Carol said she didn’t have much of a spiritual side until about 16 years ago when her husband died. Becoming a single mother of two children, as well as the feeling that she “couldn’t do it alone” led to an increased involvement with her church at the time.
She eventually started doing volunteer work through her church, such as providing emotional support for grieving widows, and helping to strengthen followers’ relationships with God through different practices aimed at making a healthy soul, which Carol describes as reframing thoughts and emotions “so they are based around biblical principles from God.”
Carol would eventually study and train to become a "Christian life coach," wanting to either address the spiritual component to someone’s health issues or illness, or just help people looking to enhance their own spiritual lives.
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Searching for answers to chronic health challenges
In Nicole's case, since her young adulthood she’s been managing multiple conditions, including chronic Lyme Disease, hypothyroidism and polycystic ovary syndrome, she said. She said she “wasn’t getting many answers from doctors” which is what prompted her to explore the holistic medicine route, which she said has helped her manage her illnesses.
Nicole’s credentials include a bachelor’s of science in health studies from Bridgewater State University, as well as working for four years previously at another health food store.
Nicole has spent the last several years studying and training in natural health practices and alternative medicine, eventually becoming a counselor for functional nutrition.
“It’s a whole-body approach to wellness,” she said.
She said it isn’t just about diet, but also other factors like stress, sleep, environment and genetic predispositions, as well as “understanding how each organ works in tandem with another.” This way of looking at one’s health, she said, helps get to the root causes of symptoms.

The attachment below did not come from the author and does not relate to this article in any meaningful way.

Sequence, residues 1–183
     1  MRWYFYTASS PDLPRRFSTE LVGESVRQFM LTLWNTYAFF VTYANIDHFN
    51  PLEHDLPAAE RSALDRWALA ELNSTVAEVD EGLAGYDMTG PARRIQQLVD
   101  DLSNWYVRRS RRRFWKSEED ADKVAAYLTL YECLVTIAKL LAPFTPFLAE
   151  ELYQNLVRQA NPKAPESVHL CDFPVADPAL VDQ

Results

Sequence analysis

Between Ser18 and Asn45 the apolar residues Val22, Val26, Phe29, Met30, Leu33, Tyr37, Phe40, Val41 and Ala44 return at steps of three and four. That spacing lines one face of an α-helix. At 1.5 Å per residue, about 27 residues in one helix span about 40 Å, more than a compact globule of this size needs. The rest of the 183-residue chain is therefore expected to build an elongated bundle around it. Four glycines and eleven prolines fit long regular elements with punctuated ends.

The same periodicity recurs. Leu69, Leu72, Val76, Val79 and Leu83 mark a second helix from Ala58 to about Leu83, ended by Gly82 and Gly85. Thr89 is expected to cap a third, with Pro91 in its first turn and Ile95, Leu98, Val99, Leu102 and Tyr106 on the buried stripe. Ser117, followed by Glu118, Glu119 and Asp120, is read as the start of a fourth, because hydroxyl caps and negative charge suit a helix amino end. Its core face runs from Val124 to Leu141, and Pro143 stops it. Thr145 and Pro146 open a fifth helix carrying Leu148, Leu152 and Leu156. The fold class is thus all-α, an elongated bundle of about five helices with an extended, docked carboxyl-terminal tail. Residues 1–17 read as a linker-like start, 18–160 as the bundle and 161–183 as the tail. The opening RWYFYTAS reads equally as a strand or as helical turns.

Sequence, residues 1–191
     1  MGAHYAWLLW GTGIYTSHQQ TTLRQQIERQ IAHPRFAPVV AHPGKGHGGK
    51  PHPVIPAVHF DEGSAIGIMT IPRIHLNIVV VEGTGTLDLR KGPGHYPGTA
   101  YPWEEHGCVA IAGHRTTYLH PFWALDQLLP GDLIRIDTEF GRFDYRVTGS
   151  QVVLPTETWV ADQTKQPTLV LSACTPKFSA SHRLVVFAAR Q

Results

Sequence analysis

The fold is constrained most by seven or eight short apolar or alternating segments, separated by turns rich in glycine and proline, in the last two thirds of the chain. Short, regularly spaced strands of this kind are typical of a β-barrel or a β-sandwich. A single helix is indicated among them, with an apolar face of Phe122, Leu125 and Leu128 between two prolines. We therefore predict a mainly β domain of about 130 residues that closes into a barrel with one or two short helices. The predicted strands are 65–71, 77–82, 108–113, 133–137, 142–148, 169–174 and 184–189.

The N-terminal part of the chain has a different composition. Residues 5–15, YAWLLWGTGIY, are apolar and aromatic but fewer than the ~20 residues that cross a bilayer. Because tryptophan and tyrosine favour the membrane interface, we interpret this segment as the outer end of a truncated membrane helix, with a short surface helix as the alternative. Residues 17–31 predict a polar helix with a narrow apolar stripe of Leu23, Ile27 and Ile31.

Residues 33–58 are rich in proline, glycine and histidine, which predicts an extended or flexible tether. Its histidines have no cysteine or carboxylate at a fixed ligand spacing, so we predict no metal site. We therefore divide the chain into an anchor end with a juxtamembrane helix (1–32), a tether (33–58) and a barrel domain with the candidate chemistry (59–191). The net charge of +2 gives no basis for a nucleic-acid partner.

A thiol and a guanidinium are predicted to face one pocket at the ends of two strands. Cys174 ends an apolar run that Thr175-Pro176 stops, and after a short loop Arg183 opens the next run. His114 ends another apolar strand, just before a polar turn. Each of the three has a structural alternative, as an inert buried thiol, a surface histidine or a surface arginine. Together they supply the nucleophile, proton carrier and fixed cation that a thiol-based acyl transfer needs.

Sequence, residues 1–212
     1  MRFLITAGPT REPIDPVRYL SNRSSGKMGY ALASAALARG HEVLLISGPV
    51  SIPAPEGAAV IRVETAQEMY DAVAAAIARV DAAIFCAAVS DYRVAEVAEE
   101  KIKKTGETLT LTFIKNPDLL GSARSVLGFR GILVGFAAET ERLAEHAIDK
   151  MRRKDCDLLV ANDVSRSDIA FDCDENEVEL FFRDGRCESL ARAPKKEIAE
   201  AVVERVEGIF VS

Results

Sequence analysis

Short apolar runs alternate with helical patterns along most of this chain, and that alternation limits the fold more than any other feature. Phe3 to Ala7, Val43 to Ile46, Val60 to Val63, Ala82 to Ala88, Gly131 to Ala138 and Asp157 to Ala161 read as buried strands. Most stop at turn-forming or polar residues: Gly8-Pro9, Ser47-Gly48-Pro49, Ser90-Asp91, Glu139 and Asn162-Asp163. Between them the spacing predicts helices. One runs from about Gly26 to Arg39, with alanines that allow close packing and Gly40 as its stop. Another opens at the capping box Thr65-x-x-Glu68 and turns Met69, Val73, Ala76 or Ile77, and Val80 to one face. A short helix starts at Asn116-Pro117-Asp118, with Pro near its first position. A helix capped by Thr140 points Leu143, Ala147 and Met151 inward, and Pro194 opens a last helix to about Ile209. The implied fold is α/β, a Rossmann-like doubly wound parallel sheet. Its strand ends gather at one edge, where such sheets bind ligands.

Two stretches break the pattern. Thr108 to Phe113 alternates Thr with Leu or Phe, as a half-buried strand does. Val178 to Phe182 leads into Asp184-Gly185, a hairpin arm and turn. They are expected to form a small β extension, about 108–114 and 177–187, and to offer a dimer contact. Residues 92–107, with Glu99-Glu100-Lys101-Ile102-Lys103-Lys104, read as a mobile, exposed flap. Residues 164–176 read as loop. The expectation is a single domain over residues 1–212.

She said many of her current clients are dealing with chronic conditions, who, like her, “had bad experiences with doctors,” whom, she said “they are great for acute care, but not for chronic care.”
Carol and Nicole emphasize their functional nutritional consultations and life coaching services are only there for people interested.
“People come in just for our products, which is fine,” said Nicole.
Consultations and life coaching services can be conducted in-person inside Aspire, or remotely over Zoom. They encourage interested people to call in advance to book appointments for these services.
What's next — from massage therapy to seminars to small grocery store
“We are expanding the store,” Nicole said.
In the short-term, Carol and Nicole want to fill out and utilize the rest of their business space for other activities and features.
In the back of Aspire they plan on hosting events, classes and seminars, such as educating people on the vitamin and supplement industry, and what to look for when choosing the right one.
Currently, they are looking to hire a massage therapist. They already have a room and massage chair set up for when they find the right person.
Long-term plans include offering a small grocery store inside, carrying a small array of perishable, healthy items, like produce and sandwiches.
Other long-term plans include bringing in an acupuncturist and introducing infusion therapy and vitamin deficiency testing as services.